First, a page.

My wife and I have lived in our house for a little over a year now. I remember everyone telling us that we had an apple tree in our backyard, but last year nothing grew on it. Wow, was this year different. This thing was packed to the brim with apples! I’m still not entirely sure what type of apples these were, but they fit the look and description of Bramely apples, so that’s what I’m going with. The apples were pretty tart, but still edible right off of the tree. I used a couple pounds of diced up apples with my Saison, Farmhouse Disco, but that left a ton of apples that I needed to use.
I decided to do a 3 gallon batch of cider. I credit Yooper on homebrewtalk.com for the way I made this cider. I didn’t have an apple press or juicer, so I needed a way to extract the fermentables from these apples. I diced up a ton of them and then froze them in big freezer bags for a few days. I then put the apples into big mesh grain bags and put them in a big plastic bucket. I sprinkled a ground up campden tablet on there, and then added some pectic enzyme. I left that until the apples began to thaw and then I used my mash paddle to smash them as much as I could. I did this several times over the course of the day until the apples were as pulpy as I could get them. I then sprinkled a pack of Safale S 04 yeast over that and sealed up the bucket for about 5 days. The usual sanitation practices apply.
Next, I sanitized my hands and grabbed each mesh bag of apples and squeezed every last bit of juice that I could out of them before discarding them. Like I said, I got about three gallons of cider from this method. It was pretty labor intensive, but fun to say that I did this completely from scratch with my own apples. I added a bit more enzyme to help clear it, and then fermented that for about another week. The OG of the juice was 1.044. I then racked to my 3 gallon better bottle and let that sit for another month or so until it cleared. The cider finished at 1.002. It had some nice flavor at bottling, but I’ve read that cider takes a while to come into its own. I bottled that up and am awaiting the result! I’ll post tasting notes when the cider is good to go.
This was my first cider, and it may be my last. The tree in my backyard had to come down unfortunately. My back yard is slopped downward pretty steeply, and this tree was planted on that slope. It’s had a lean since we’ve been here, but when it became full of fruit, the lean got worse. When had a bad storm one night late summer, and the tree’s roots began coming out. It was apparent that this tree had to come down. This cider from it’s fruit will hopefully be a fitting tribute to it!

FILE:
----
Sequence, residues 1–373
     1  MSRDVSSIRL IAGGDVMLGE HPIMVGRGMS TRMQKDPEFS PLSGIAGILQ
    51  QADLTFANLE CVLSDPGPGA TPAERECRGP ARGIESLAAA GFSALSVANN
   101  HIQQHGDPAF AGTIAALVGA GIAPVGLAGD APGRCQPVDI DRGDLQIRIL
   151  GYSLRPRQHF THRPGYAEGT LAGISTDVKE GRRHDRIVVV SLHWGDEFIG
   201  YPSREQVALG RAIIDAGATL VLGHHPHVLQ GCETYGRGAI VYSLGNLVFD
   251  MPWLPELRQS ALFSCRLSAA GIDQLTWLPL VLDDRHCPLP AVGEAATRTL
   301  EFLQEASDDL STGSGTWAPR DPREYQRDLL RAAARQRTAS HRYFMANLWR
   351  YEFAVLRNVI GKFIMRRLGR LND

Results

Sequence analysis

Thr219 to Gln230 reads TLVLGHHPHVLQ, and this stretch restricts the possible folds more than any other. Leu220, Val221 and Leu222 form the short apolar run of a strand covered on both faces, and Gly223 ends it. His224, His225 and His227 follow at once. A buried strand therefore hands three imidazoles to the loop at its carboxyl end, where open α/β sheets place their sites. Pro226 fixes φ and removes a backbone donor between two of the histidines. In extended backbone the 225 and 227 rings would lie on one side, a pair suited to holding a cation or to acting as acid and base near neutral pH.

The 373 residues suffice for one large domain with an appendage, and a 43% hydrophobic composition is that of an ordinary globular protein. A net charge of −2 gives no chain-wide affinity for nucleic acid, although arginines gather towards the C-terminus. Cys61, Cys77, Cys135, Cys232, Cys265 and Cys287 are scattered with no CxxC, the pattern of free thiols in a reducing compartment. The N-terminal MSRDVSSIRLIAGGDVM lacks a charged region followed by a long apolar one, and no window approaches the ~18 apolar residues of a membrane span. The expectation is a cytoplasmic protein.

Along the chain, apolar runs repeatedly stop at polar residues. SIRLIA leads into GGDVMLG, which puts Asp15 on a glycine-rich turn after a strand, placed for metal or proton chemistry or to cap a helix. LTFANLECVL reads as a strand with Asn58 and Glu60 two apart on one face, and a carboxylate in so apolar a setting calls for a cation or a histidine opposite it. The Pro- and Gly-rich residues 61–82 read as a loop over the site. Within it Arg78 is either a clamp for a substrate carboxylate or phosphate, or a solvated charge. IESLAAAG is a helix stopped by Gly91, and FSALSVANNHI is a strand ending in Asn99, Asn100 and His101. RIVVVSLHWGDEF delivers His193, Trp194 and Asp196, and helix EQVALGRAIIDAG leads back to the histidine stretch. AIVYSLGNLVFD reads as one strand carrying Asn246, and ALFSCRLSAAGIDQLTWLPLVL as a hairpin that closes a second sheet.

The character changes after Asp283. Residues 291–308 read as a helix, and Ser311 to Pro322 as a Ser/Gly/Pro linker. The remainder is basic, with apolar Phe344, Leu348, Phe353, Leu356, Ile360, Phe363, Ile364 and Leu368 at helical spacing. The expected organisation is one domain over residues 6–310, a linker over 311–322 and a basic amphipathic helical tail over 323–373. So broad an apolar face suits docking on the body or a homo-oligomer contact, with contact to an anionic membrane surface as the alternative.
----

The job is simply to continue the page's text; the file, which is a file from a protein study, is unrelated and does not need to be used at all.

Tasting Notes 12/27/15:
Appearance: This cider pours straw colored and crystal clear with a thin lingering white head. A very nice looking cider.
Smell: Pretty strong aroma on this that reminds me of champagne with a bit of cider like funk to it. The aroma is pretty pleasing.
Taste: Meh. The cider is on the bland side with a bit of tartness. The initial flavor is there and it’s nice, but it quickly fades and the aftertaste is a bit funky. Its not like I can’t get through a glass, its just kind of boring.
Mouthfeel: Bubbly and light. Pretty standard for a dry cider.
Overall: This cider is just ok. I didn’t have super high expectations given that most ciders use several varieties of apples to get a more complex flavor. I’m sure there are things I could have done as far as post fermentation additives to improve this, but I have no idea what I’m doing with ciders….and to be honest, I didn’t feel like diving too deeply into it. It was a fun little thing to do with the ton of apples I had and this is drinkable, so I’ll live with a somewhat bland result.
Update: 06/09/16: I wound up drain pouring the rest of this. Time in the bottle wasn’t helping. There flavors weren’t developing in a pleasant way, so this cider was put out of its misery.